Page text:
Female Soldiers in the Civil War

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In our last installment on Women’s Accomplishments, we celebrate female soldiers in the civil war.  Interestingly,women accounted for some of the bravest soldiers in the Civil War! Despite a few men being the most mentioned soldiers in the war, there were plenty examples of female soldiers in the civil war, women who showed courage in the face of war and participated on the battlefield. While they had to hide their true identities, they still managed to be some of the earliest feminists. There was a discovery of burial details in Gettysburg back in July 1863 showing that among the bodies near Cemetery Ridge there was the body of a woman wearing the uniform of a Confederate Private.

Because of the nature of the battle and secrecy of those who participated, estimates are that between 400 and 700 women participated in the war. Over the years, some women were revealed for having fought in the war. Some female soldiers in the civil war did it to be with their loved ones and to share the same experience with them. Others needed reliable wages, adventure or they  exhibited ardent patriotism.

Female Soldiers in the Civil War:  Sarah Edmonds Seelye, The Only Female Civil War Soldier to Obtain a Veterans Pension

Of the women who bravely fought in the war, only one managed to obtain a veteran’s pension after it ended. That was Franklin Flint Thompson. Born Sarah Edmonds Seelye, she was perhaps the greatest spy of the time. During her years of war, she would go undercover into enemy territory disguised as a black man, an Irish peddler woman and even a laundress.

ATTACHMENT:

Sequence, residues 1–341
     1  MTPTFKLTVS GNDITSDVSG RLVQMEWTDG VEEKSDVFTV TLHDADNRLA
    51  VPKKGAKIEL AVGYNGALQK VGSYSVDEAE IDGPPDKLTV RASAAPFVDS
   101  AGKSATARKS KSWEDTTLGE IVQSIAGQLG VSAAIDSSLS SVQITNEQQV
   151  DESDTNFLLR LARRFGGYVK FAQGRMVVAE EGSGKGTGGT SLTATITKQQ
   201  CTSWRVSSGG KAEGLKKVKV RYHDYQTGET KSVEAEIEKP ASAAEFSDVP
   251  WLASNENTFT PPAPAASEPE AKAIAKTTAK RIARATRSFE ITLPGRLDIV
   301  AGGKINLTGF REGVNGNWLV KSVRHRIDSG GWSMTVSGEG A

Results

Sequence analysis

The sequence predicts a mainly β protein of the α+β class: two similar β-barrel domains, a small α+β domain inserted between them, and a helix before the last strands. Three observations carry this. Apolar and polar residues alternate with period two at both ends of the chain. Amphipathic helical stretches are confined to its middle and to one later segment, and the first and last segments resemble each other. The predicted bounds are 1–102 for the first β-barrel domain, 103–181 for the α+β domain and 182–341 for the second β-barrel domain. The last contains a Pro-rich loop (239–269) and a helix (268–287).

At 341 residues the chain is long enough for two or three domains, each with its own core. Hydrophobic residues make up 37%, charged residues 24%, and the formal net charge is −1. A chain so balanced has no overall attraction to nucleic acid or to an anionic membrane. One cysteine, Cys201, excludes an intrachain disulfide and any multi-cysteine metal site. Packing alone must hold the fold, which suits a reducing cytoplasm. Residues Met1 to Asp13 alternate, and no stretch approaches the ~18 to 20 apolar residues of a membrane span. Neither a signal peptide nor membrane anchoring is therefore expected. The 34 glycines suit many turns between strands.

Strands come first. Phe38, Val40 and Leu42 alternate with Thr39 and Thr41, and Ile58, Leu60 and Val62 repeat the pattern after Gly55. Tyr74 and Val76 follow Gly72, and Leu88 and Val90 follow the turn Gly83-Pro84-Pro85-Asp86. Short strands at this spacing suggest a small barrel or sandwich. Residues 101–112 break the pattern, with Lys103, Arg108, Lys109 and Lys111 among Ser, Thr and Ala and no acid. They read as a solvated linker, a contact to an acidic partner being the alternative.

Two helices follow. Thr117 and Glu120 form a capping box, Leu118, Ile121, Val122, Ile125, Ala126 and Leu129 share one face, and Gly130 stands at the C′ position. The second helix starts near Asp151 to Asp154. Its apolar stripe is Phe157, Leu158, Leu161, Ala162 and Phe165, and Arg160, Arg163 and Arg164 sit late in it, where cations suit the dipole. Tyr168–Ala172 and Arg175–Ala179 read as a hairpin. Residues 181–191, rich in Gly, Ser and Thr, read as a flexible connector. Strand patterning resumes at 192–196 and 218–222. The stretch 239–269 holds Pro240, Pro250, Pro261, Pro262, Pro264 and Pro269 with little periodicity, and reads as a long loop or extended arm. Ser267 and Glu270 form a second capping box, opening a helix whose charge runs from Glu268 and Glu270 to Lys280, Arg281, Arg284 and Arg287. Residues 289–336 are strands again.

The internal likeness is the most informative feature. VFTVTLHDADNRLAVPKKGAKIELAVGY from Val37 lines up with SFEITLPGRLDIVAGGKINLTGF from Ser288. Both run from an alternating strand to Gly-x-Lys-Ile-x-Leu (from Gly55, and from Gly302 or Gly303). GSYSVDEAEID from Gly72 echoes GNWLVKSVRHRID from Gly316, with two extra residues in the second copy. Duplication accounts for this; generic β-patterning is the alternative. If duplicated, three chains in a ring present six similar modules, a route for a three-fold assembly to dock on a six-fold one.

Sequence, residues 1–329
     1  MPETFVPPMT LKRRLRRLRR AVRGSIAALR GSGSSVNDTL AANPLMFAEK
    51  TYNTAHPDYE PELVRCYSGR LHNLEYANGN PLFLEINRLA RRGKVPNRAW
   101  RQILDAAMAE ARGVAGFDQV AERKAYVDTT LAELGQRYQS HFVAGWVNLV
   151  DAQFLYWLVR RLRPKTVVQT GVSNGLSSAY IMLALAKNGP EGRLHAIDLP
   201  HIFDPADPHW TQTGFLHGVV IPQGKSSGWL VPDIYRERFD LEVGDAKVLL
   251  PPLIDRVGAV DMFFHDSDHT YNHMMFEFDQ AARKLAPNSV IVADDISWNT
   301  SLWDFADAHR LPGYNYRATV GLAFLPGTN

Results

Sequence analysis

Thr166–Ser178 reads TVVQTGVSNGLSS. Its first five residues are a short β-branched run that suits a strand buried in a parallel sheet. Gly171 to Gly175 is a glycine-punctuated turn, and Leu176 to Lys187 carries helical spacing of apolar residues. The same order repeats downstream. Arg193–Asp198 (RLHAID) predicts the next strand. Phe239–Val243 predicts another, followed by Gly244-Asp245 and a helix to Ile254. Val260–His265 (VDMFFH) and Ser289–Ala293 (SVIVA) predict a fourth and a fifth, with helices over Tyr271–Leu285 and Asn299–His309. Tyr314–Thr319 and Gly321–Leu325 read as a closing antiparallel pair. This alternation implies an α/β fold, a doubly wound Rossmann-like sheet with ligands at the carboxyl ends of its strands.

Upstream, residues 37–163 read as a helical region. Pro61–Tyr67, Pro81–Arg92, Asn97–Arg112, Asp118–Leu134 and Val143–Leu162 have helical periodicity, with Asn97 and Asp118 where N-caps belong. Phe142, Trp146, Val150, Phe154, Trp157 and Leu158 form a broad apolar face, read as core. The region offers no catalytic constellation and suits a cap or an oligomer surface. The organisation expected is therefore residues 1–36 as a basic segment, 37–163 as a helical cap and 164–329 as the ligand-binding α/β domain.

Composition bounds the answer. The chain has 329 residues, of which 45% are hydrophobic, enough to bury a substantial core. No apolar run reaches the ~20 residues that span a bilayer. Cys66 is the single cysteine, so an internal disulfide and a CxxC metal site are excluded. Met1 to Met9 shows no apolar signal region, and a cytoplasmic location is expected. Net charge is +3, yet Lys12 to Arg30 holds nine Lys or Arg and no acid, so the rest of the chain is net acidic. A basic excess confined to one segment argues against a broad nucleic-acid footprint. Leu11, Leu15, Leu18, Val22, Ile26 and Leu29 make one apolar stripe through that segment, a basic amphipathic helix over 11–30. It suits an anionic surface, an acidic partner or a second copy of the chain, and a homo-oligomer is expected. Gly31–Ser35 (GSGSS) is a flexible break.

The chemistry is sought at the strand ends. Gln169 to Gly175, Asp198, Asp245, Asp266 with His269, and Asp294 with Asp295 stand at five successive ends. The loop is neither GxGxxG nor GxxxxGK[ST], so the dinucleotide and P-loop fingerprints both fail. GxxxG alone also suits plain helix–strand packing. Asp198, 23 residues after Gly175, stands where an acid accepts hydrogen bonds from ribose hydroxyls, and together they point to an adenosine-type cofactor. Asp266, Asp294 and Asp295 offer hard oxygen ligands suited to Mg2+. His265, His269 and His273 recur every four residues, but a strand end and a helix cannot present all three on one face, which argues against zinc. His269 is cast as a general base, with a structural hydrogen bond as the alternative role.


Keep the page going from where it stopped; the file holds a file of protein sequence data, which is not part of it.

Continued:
Female Soldiers
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She would eventually desert her post after contracting malaria, knowing that the military hospital would expose her true gender. Seeing there were posters listing Franklin as a deserter of war, she went back as a female nurse and even when people figured out who she really was, she was still respected as being a brave soldier.

While it might seem strange that a woman could go decades without being discovered, it is important to remember that things were very different back then. Men didn’t shower together in a community shower. Instead, soldiers bathed separately and were fully clothed. The Victorian time allowed for more modesty. Thanks to citizen soldiers, women who had little to no experience could also quickly enroll and with loose baggy clothing, they could also better hide their female form under the uniform.

Despite being wounded and found in battle, some women went on to do great things post war too. At the time, very few women were imprisoned or institutionalized for fighting in war.

How Clara Barton, Founder of The Red Cross Helped Hide The Identity of a Female Soldier

Mary Galloway who was shot in the chest was discovered by Clara Barton, the founder of the Red Cross. Deciding to help the woman, Barton protected Galloway’s identity and had her moved near to Mary’s boyfriend at the time, who was also being treated in a Washington hospital. When Mary and her boyfriend were discharged, they would eventually have a child and named it after Barton.

There is of course a laundry list of women who also fought in the war including:

  • Jennie Hodgers (Albert Cashier) 95th Illinois Infantry
  • Frances Clalin 4th Missouri Artillery
  • Loreta Janeta Velazquez (Lieutenant Harry Buford) Confederacy fighter and Spy
  • Mary Bowser
  • Helen L. Gibson
  • Nancy Hart Douglas
  • Rose O’Neal Greenhow
  • Hanna Snell

It is important to remember that many great women helped to fight in many wars to help keep our country safe. Take a moment to remember their bravery and give thanks for those who ended up giving the ultimate sacrifice.

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